On campus, there is an open gallery for students to display their work, free of charge. The catch is, it is in such high demand that there is a lottery — it changes each week and it’s only for graduating art students.
It’s called the Eduardo Carrillo Gallery E103, and UC Santa Cruz’s art department has designated the space for graduating art students to display their artwork. Seniors have the option of doing a gallery, portfolio review with a faculty member or creating a senior project the spring of their senior year. Space is assigned through the lottery process at least a quarter in advance.
Fourth-year student Min T. Nguyen hosted the opening reception of safe [space] in this gallery on Jan. 13, which ran through Jan. 18.
“My only safe place was in my own mind — no one to truly trust, no one I couldn’t fear of hurting,” Nguyen said when introducing the collection safe [space] — aimed at portraying what safe space means to them.
Their thesis comes from a personal narrative of feeling trapped in their comforts of living in L.A., their attachment to their “best friend turned lover” and the struggles of adapting to a new environment.
Nguyen said their first and most memorable experiences as a transfer student were roaming around the campus and hanging out with friends.
“In relation to the gallery, I hadn’t been in my relationship until the quarter had already started,” they said. “I noticed I would go out with my friends a lot, go hiking or whatever in the beginning, but once I became busy with my relationship, I started crawling back into the dorm rooms.”
Noticing their behavior, Nguyen decided to change their gallery theme to one that portrayed a narrative about discovering a safe space.
“I actually changed the theme of my gallery in November, which was after the election had occurred and I came to a breaking point in my relationship, which is where everything tumbled.” Nguyen remembered thinking, “I don’t feel safe on campus. I don’t feel safe with someone that I’m supposed to feel safe with.”
Nguyen shared that music was their safe space and it helped heal them through their experiences of isolation. Music opened the door connecting their past and present. Songs that made them nostalgic and assisted in creating the collection were exhibited alongside the paintings.
“My works tend to use different motifs, inspired by topics I have learned about or inspiration from various media,” Nguyen said in their introduction to the collection. “Most often, I’ll be listening to a song, hear a lyric I like, and illustrate what I feel would best interpret that song.”
Each painting corresponded with a song or lyric by artists like My Chemical Romance and Mitski. At the reception, My Chemical Romance’s “Bulletproof Heart” filled the intimate white walls showcasing the textured acrylic paintings. When asked about their use of music in the gallery and when creating the works themselves, Nguyen expressed that music became an important factor to creating a safe place for them.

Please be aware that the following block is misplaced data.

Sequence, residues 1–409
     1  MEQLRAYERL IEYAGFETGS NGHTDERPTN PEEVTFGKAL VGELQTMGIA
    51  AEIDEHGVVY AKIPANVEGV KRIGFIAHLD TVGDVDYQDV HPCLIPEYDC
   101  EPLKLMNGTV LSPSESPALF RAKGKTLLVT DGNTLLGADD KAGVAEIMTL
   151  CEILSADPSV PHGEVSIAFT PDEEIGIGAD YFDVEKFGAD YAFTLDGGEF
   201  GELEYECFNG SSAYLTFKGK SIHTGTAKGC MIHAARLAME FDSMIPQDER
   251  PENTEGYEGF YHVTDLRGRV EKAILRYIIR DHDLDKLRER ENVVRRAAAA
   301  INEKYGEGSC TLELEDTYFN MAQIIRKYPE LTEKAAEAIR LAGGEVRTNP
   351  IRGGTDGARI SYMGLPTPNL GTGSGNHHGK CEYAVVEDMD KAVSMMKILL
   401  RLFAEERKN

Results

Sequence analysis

“I studied music theory for a little bit in community college,” Nguyen said. “So [music] has always been a reoccurring thing. Ever since elementary school, I’ve been singing, performing, and all that stuff.”
At the premier of the exhibit, Nguyen greeted guests at the gallery’s entrance and welcomed them to their own safe space collection. The gallery held 7 to 10 people, and allowed the audience to pass in and out comfortably while taking in what Nguyen looks to as a safe space.
“[The exhibition] was more of an observation of the safe space the artist experienced as they refound themselves in the music they listened to and how the musical environment helped them overcome a very rough time in their life,” said third-year chemistry student, Spencer Neapolitan.
Some students expressed their responses to the collection and their connection to certain works.
“I understand the space where [Nguyen] is coming from,” said fourth-year film and digital media student Amber Rose Kelly. “For me, [it’s] being an out lesbian and growing up not having that space where people understand you. That’s what really resonates with me.”
Kelly said she felt especially drawn to Nguyen’s piece “Crybaby” because it reminded her of what it was like to feel isolated in her own world.
“Crybaby” is a 16-by-20 inch acrylic painting with muted colors and varying shades of gray to portray a naked feminine figure curled up in crib. The naked figure, positioned in a corner, is shown crying so much that the tears are seeping through the bars and collect at the bottom creating a pool of tears.
Lyrics from Mitski’s song, “first love/late spring” are assigned to “Crybaby.” The rest of the works in the collection follow the layout, color scheme, and formatting of “Crybaby,” creating a cohesive flow.
Nguyen said they shared similar sentiments of isolation in moving to Santa Cruz, and created safe [space] to show their journey out of isolation, and finding solace in music. They said they hope safe [space] allows viewers to “find their own identification and stories.”
“The whole point of [the exhibit] was to get people together,” Nguyen said. “I got to talk to a lot of people who felt really moved by certain pieces or they would share their own little tid-bits and said, ‘This piece really resonates with me.’ That is what I wanted out of exhibiting [my work] because I feel even though it’s my art and I make art for myself, I also want to extend that out.”